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Mad Catz Cyborg F.R.E.Q. 5 Gaming Headset E-mail
Reviews - Featured Reviews: Audio
Written by Joey Peng   
Friday, 03 May 2013
Table of Contents: Page Index
Mad Catz Cyborg F.R.E.Q. 5 Gaming Headset
Closer Look: Mad Catz F.R.E.Q. 5
Mad Catz F.R.E.Q. 5 Detailed Features
Testing and Results
Final Thoughts and Conclusion

Closer Look: Mad Catz F.R.E.Q. 5

Whenever Mad Catz releases a product, there are always some things you can assume: flashy and innovative design, bunch of hidden features and delighters around customizations, great quality, and, of course, a matching price tag. The Cyborg FREQ 5 seems like a natural next step for Mad Catz. They acquired Tritton a while back, which has a comprehensive portfolio of quality headsets. It makes sense Mad Catz would take their expertise and remodel it into the Cyborg series. The sample Mad Catz provided was red/black themed. There are 3 other alternatives to suit your taste. Personally I think red theme looks awesome.


The FREQ 5 has a solid frame as seen in the picture above. This means the headset is designed to rest and put the bulk of weight at the top of your head and light pressure on the sides to keep it in place. This isn't a headset you want to be rocking your head with. The pros of this design are comfort for long gaming sessions since there's not much stress on your ears. The ear cups are faux leather, guaranteeing sweat-free usage. After a few sessions, I rated the comfort level of this headset to be average. It's suitable for a couple hours but any longer and it's a little stressful. The solid body construction also means it's slightly to the heavier side. Naturally I'm used to my Bose QC15's weight so this might be a harsh judgment.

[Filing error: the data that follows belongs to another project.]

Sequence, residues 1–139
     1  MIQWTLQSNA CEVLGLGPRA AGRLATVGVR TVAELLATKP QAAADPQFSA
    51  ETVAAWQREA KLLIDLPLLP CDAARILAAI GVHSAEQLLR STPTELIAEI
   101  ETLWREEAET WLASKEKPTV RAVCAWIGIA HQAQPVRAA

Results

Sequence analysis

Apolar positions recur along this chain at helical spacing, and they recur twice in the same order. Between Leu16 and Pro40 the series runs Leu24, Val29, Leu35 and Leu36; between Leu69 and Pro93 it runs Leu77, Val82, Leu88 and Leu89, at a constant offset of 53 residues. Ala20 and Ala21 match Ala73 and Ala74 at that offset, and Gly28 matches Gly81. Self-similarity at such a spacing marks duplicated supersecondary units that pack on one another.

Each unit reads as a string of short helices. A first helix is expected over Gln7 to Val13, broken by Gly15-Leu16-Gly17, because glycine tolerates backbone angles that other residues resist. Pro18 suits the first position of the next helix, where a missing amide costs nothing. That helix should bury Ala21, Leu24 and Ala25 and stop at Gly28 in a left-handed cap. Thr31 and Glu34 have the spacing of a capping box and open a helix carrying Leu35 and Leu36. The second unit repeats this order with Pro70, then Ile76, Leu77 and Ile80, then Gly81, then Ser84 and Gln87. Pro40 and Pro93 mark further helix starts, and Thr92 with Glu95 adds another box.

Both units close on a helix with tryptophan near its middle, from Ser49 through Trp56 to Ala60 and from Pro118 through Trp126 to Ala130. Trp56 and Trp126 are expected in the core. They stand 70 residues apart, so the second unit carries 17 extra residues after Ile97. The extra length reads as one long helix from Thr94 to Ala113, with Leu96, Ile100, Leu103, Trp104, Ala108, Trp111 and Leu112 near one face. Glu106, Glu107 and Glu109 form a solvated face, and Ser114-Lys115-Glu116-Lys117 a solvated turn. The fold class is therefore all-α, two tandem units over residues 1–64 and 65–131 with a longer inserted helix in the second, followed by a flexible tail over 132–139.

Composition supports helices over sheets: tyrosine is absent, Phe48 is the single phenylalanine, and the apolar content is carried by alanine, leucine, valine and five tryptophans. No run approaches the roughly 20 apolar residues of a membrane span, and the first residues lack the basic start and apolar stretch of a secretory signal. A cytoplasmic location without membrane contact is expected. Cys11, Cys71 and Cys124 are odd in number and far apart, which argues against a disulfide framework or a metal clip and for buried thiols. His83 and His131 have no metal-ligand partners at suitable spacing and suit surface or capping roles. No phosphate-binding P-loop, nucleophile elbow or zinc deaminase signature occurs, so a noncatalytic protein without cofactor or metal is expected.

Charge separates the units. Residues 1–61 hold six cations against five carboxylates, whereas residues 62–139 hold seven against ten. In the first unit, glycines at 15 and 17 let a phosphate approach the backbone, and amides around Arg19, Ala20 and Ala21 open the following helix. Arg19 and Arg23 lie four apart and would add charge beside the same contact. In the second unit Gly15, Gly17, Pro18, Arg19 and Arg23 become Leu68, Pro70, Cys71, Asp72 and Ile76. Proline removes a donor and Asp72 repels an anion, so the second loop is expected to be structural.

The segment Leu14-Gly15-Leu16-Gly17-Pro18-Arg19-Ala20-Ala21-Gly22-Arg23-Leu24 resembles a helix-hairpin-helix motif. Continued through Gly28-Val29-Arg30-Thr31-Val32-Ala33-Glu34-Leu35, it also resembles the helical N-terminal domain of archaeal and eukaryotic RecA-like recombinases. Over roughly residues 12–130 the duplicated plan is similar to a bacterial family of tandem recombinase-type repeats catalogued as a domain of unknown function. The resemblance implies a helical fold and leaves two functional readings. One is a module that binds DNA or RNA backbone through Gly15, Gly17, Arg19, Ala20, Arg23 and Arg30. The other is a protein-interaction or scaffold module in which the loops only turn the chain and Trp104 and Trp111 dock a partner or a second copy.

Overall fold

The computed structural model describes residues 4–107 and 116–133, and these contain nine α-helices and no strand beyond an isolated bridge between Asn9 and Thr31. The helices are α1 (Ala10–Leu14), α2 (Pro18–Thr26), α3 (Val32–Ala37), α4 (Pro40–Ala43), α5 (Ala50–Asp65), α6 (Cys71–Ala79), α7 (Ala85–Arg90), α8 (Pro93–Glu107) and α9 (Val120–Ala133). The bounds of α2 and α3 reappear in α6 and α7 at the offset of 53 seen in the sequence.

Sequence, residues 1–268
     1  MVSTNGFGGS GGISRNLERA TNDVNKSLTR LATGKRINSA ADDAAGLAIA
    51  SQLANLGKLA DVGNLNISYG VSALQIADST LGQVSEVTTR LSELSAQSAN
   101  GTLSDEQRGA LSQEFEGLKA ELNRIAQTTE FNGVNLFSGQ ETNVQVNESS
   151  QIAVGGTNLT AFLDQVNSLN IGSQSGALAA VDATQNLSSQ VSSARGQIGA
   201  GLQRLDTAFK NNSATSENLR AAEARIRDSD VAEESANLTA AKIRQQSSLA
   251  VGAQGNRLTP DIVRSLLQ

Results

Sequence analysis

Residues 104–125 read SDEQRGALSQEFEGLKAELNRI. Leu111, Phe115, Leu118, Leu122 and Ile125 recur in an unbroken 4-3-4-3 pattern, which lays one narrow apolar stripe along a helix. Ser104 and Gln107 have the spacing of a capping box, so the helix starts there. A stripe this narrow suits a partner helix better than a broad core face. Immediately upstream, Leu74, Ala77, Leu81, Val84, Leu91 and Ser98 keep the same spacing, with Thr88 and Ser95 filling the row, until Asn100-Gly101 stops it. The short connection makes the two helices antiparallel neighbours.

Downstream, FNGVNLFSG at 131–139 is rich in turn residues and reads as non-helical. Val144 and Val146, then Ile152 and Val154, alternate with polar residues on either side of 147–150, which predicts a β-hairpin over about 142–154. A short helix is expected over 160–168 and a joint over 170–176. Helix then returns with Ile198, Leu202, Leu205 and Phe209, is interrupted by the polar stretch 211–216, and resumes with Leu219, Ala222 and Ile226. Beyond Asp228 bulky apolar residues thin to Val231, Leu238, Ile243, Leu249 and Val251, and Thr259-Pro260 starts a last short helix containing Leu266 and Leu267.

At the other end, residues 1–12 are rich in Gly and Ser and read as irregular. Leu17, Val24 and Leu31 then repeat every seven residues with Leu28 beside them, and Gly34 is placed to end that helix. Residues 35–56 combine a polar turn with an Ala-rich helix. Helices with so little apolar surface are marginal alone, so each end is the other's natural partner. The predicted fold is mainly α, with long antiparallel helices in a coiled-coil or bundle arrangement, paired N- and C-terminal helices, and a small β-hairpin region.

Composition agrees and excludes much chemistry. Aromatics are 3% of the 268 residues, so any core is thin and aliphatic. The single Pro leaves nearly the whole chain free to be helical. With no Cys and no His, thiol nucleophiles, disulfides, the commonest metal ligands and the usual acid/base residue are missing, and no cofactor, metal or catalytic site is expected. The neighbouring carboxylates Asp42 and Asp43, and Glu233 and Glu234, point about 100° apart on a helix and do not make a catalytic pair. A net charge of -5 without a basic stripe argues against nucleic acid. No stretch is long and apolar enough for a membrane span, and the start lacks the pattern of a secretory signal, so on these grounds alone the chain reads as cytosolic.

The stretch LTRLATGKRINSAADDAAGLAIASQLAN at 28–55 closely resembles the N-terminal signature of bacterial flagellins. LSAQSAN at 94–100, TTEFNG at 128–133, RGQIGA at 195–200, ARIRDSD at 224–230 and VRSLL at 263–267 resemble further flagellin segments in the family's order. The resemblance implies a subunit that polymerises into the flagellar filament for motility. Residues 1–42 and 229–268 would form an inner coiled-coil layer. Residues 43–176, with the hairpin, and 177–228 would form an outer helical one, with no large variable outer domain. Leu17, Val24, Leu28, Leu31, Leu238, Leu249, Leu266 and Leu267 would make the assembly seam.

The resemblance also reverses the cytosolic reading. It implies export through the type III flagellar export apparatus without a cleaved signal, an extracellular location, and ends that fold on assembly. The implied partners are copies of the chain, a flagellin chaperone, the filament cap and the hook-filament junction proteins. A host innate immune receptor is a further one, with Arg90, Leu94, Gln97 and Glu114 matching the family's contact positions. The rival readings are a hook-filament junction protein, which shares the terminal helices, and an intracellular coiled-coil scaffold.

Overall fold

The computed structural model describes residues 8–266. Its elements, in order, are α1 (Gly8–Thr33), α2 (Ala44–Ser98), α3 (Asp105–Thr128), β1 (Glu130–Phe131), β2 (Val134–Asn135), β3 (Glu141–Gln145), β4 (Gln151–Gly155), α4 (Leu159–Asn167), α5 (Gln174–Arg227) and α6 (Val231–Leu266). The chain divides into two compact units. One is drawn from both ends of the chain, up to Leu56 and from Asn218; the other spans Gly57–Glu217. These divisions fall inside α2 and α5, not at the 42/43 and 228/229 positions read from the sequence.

The ear pieces contain 50mm Neodymium drivers. This guarantees great audio quality with strong vibrant basses and crisp highs. Because this system provides both USB and 3.5mm, you can enjoy these bad boys anywhere. The Mad Catz FREQ 5 is compatible with both PC and Mac.


The Mad Catz FREQ 5 has a detachable microphone roughly 6 inches long. It feels metallic and is very flexible. You can easily make loops with it. At the tip of the microphone is an LED light indicator to let you easily know if your microphone is on or muted. This way you can easily mute and unmute yourself in the middle of gaming.


I tried some voice recordings with the microphone and the results are pretty good. The microphone has noise cancelling functionality and can ignore most ambient sounds. They don't do this by simply lowering the audible volume as with some other microphones. One annoyance however is the microphone always tends to pick up some breathing noises unless you really tuck it under your chin. Because the length is not adjustable, there's no way I can put it off to the side of my face.


Overall the Mad Catz Cyborg FREQ 5 is a solid headset from the initial testing and observations. The design is, as usual, fantastic. I'm definitely looking for a little more functionality though if $150 is the amount I'm forking over. Benchmark Reviews will dive into the finer details of the headset in the next section to see if there's more delighters built in.


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